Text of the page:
Recently, I’ve found myself getting into numerous debates online about the behavior of bicyclists on the streets of San Francisco. There seems to be a prevailing view, held by a wide variety of people – drivers, pedestrians and even cyclists – that the majority of people on bicycles act in a way that is totally inappropriate and are a general menace on the road. This view is espoused on message boards, at public meetings, and in our private conversations. “I have never once seen a cyclist stop for a pedestrian on 15th St” “60% of cyclists ride disrespectfully” “The majority of cyclists in the Mission don’t yield when they should” and on and on. This view always struck me as peculiar, considering that I am a cyclist and I try to be respectful on the road and most of my bike riding friends are really good people. It just didn’t seem to add up.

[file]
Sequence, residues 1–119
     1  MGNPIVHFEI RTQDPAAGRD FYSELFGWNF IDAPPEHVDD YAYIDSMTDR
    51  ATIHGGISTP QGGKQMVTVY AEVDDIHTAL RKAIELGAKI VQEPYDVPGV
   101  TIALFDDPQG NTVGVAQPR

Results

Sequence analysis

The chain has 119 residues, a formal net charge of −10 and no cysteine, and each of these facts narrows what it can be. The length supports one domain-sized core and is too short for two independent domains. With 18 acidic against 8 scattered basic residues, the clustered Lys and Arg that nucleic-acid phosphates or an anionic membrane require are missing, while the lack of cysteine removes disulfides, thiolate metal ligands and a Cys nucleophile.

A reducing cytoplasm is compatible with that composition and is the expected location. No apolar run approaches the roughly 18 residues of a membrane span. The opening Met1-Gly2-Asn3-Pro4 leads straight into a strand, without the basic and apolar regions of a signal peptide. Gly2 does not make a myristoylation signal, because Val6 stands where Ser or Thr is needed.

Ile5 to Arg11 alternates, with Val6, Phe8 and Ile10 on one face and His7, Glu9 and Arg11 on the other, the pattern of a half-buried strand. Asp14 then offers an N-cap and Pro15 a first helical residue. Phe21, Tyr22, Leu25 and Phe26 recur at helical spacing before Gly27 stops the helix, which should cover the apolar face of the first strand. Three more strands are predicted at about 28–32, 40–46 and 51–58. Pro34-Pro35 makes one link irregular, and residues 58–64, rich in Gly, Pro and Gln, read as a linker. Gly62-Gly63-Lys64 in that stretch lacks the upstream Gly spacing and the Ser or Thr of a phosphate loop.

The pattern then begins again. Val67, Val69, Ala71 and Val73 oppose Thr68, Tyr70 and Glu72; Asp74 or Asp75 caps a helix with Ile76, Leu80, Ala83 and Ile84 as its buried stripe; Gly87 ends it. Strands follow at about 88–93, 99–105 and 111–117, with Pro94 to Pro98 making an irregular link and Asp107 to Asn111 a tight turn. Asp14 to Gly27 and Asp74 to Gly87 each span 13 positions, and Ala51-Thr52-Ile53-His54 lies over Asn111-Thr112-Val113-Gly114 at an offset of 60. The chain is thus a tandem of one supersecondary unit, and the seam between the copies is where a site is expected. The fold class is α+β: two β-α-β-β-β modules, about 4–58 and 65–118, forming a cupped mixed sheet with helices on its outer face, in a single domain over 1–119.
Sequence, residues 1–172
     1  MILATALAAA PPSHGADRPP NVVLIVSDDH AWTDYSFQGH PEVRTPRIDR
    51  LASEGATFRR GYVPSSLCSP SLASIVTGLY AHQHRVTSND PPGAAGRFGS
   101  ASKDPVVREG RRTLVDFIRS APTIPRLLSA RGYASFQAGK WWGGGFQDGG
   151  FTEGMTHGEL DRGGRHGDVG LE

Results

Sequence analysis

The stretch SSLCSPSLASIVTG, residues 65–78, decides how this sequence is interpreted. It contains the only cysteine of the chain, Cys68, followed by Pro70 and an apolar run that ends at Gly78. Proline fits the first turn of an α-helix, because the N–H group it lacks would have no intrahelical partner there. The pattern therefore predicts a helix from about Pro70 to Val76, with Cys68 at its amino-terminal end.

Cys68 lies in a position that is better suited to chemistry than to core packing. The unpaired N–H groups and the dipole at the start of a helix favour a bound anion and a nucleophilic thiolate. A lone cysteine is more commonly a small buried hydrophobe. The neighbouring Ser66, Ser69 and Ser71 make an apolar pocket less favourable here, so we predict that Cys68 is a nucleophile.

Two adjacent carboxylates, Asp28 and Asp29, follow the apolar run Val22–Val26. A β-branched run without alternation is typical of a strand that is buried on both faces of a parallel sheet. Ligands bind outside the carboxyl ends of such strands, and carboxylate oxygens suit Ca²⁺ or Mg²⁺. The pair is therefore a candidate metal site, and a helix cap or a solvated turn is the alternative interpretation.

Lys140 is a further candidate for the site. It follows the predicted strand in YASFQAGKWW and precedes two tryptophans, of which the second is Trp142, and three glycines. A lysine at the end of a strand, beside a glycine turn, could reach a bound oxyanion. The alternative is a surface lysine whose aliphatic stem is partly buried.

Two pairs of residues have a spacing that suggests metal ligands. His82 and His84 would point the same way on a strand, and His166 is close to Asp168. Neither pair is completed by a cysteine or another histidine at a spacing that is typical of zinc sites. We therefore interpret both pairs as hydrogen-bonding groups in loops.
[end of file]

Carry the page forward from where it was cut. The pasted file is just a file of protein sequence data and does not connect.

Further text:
Then, the other day I was riding on the Wiggle when I saw a cop pulling over two cyclists for not stopping at a stop sign as they took a right turn off Waller onto Steiner. These riders were obviously not bad riders… just in the wrong place at the wrong time. This was the final straw. I decided to spend my afternoon at four different intersections on the Wiggle to simply observe how cyclists were riding and to see if people were right when they say the majority of cyclists ride like assholes. While I do not pretend that the data I gathered in one day can definitively rest the case, what I observed is that the idea that the majority of cyclists are disrespectful and bad riders is a complete and total myth, and, moreover, that the people who take the actions of a very small minority of cyclists (and this minority does indeed exist) and let it stand for their view of all cyclists are displaying a new, disturbing form of bigotry in our society – what I call transportationism. This bigotry is not to be taken lightly – it wrongly pits citizen against citizen and actually contributes to cyclists being denied the basic right to safety that any class of people should expect. My hope is that this humble essay will help shed light on this insidious element in today’s society and help to empower people to stand up and call out this prejudice wherever it arises.